Willard, James H. Turner after 1886. Bowie, Md. Heritage Books. 1986.
National Register of Historic Places – Listings
Turner Cattle Pound
[southwest corner of Gen. Turner Hill Rd. and Kennebec Trail] The first pound keeper in Turner, Moses Stevens, was elected in 1788 one year after the town was incorporated. At that time there is no mention of where the impoundment was to be located or even if Stevens was expected to maintain a dedicated structure.
The first mention of a physical impoundment was recorded in 1795, when a vote passed “to build a pound at the meetinghouse” but the location of this pound is unknown, nor was anything more written about it in the Town records. In the same year, Joseph Copeland was elected pound keeper, a role that he continued to fill intermittently for several decades.” The next mention of the pound was recorded during a town meeting held on September 2, 1816. The residents of Turner authorized the building a pound thirty feet square within, to be made of stone six feet high, four feet thick at bottom and eighteen inches at the top, with a good door made of timber with a sufficient lock.
Based on this description, the pound was clearly envisioned as a substantial structure to adequately confined wayward beasts. The location chosen for the pound was strategically placed at the intersection of roads running both north-to-south and east-to-west.*
More on Cattle Pounds.
Turner Town House
[Maine Route 117] The first Turner town meeting was held in 1787 in the church meeting house on Upper Street. From 1822-1830 meetings were held in the local school. In 1830 a meeting was called “to see what measures the town will take to provide themselves with a town house.” It was voted that such should be erected on an isolated little hill about a half mile west of the “center”, the area of earliest settlement. A series of five acrimonious town meetings followed with endless, but fruitless, votes to reconsider the location. The bulk of more recent settlement had taken place along the western edge of the township around a nucleus called the “Village.” Thus, when the question arose over the location of the town house, although the Village was ruled out as not central and convenient, its residents were not willing to give the prestige of the building to the Center and insisted on the exact geographical center of the township as the site. The Center adherents felt that this made no sense and was done out of pure spite. And so on a winter’s night shortly after construction of the town house, men from that part of town gathered, took down the town house (the frame timbers had been pegged and could be taken apart) and re-erected it near the Center burying ground. Weeks later men from the Village took it down again and put it back on its original site. The Center adherents took it down for a third time and put it where it now is, taking the precaution of fixing the timbers with long spikes so they could not easily be taken apart. There the town house remained.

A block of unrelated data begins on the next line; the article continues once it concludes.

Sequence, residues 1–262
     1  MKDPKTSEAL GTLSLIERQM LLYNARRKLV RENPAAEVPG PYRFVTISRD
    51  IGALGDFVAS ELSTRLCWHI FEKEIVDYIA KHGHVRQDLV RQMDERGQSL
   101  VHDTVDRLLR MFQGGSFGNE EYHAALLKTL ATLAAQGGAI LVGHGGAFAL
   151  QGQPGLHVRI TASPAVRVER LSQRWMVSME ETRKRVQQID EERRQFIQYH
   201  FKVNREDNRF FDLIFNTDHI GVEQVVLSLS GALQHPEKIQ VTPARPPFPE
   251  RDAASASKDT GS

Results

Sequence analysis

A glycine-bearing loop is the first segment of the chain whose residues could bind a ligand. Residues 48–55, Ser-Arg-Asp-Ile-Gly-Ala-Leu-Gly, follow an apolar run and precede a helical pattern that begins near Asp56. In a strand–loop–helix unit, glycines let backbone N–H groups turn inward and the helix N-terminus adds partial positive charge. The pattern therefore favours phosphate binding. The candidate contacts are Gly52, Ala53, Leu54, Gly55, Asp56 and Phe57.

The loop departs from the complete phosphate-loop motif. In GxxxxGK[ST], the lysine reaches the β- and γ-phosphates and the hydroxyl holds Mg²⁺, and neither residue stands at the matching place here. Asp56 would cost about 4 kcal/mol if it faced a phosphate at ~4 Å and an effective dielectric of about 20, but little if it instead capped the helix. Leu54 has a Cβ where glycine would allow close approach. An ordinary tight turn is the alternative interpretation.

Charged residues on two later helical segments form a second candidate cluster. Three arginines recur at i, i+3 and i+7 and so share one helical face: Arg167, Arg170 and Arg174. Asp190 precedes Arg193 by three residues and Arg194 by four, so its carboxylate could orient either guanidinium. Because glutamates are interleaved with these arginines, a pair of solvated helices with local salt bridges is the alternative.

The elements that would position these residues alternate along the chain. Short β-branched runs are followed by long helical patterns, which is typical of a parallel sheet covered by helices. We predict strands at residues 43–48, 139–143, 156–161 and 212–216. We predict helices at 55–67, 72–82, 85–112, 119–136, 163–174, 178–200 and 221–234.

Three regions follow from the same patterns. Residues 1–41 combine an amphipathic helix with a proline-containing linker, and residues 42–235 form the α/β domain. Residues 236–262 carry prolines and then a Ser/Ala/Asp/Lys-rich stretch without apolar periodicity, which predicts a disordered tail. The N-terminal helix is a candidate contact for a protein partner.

Turner Town House is significant as well because of its unusual interior arrangement. From either end of the structure benches in tiers descend to a flat section in the center where the moderator’s platform is located along with a large cast iron stove. Its long use, its strange history and its interesting interior combine to make the Turner Town House a highly significant public building. The only other town house in Maine known to have such an arrangement is the 1840 Town House in Wayne.* [Frank A. Beard 1979 photo]
Address Restricted Keens Mills: C. Varney Site, Moyer Site, Quartz Scraper Site, Wood Island Site